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Chesil Beach is one of the finest beaches in Dorset © cpphotoimages, Shutterstock
If you saw such a thing in Dubai you might assume it was the zany creation of a capricious sheikh, but this is Dorset and Chesil Beach is all natural.
Stand on Portland Heights or outside St Catherine’s Chapel high above Abbotsbury and look out to sea and you will be treated to the most extraordinary sight – a wide, golden, shingle bank rising out of the water and running along the coastline, with a lagoon sheltering sheepishly behind it. If you saw such a thing in Dubai you might assume it was the zany creation of a capricious sheikh, but this is Dorset and Chesil Beach is all natural.
Stretching for 18 miles between West Bay and Portland, Chesil Beach is the largest of three major shingle structures in Britain. The shingle bank, which reaches around 40 feet at its highest point, was formed by rising seas at the end of the last Ice Age. Its rounded pebbles have been graded in size by strong tidal currents; they are as small as peas at the western end and the size of oranges at the Portland end. For centuries the size of the pebbles has been helping locals, mostly smugglers and fishermen, pinpoint where they are landing on the beach.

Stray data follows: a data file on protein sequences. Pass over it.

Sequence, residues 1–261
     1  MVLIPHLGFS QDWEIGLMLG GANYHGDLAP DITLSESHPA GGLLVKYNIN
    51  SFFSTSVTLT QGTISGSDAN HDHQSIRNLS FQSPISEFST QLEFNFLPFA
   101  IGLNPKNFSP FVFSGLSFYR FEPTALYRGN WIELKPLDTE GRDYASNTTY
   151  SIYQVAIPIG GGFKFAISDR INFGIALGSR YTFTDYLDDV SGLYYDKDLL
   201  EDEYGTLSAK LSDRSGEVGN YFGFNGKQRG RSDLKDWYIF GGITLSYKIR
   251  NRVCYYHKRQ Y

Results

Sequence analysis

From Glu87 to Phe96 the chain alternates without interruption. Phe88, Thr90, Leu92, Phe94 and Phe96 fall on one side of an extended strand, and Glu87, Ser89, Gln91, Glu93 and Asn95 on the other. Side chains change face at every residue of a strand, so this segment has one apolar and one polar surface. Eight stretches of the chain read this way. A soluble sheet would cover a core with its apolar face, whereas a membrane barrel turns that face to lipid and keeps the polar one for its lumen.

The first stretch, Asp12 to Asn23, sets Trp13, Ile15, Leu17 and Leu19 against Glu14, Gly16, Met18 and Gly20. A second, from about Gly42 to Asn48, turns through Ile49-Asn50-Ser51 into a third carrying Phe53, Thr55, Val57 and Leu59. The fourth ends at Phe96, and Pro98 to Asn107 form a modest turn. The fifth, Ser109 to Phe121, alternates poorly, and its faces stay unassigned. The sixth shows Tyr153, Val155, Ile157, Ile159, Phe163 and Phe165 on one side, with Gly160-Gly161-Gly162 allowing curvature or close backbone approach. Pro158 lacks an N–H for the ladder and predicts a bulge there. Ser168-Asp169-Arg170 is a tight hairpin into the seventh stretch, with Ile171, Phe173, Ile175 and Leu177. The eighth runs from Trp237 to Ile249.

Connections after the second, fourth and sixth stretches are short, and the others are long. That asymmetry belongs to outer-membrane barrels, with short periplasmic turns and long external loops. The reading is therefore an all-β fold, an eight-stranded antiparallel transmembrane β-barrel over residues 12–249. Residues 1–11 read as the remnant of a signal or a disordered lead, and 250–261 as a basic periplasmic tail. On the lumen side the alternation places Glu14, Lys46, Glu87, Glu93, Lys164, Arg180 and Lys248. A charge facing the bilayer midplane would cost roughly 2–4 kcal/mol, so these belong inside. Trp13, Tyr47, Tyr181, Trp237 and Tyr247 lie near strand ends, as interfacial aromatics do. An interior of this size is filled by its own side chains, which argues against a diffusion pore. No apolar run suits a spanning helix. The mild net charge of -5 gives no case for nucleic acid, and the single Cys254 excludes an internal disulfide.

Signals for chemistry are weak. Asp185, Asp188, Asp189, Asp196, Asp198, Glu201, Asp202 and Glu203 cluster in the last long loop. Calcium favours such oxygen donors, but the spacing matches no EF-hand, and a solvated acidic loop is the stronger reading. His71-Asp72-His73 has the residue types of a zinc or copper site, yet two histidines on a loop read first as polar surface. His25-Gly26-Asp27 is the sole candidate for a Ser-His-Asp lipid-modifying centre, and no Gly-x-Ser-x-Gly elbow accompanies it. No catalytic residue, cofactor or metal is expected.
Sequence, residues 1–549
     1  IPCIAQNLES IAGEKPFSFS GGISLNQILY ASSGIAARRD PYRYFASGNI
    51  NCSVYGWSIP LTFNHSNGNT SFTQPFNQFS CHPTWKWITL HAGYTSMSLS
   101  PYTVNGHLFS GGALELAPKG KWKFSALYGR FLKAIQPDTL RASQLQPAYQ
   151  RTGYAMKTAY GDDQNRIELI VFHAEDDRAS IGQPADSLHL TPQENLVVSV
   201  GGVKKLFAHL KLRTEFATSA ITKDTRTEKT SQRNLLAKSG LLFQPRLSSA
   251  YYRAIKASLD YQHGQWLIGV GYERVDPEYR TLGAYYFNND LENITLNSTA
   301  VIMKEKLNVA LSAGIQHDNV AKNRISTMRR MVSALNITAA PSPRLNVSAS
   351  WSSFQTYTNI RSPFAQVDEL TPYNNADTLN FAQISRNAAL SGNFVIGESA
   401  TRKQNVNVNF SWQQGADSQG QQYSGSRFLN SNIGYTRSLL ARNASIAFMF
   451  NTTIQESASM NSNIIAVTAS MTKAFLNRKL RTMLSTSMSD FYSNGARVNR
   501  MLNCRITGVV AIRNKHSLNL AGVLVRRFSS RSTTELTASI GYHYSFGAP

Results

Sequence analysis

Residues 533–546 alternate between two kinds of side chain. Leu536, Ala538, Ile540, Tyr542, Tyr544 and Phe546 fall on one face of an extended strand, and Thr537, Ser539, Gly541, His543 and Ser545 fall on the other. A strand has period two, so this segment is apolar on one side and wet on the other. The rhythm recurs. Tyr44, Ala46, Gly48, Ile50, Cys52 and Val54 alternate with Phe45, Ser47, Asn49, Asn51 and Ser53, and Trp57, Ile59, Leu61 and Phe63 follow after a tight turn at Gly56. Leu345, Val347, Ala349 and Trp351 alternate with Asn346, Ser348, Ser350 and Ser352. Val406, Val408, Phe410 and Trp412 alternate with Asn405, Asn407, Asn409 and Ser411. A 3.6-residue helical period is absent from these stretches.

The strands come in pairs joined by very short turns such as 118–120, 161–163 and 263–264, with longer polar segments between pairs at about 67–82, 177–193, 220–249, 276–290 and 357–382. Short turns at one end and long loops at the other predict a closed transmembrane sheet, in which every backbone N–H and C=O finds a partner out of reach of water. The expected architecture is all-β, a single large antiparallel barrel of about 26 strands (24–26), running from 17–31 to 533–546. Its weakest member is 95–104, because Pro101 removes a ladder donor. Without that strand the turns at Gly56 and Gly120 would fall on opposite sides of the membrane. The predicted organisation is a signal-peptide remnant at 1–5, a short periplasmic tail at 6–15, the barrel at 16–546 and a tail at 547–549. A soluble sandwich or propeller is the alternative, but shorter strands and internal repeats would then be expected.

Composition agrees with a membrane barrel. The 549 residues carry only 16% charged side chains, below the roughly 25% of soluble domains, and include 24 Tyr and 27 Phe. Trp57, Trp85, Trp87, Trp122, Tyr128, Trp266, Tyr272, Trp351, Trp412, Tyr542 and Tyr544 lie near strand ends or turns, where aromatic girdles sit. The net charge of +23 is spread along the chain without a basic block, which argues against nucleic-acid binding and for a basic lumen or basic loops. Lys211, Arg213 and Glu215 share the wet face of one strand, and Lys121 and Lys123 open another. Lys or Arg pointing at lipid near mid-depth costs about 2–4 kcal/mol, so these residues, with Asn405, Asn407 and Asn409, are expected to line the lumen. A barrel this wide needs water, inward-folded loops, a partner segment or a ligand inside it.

The lagoon, known as The Fleet, extends from Abbotsbury to Portland and contains a mixture of salt- and freshwater. Home to an abundance of birdlife, wading birds can be seen all year, while brent geese from Siberia and red-breasted merganser (fish-eating duck) visit in winter. The birds’ ancestors must have had quite a shock back in 1942–43, when Barnes Wallis’s famous bouncing bomb was tested on The Fleet in preparation for the Dambusters raids.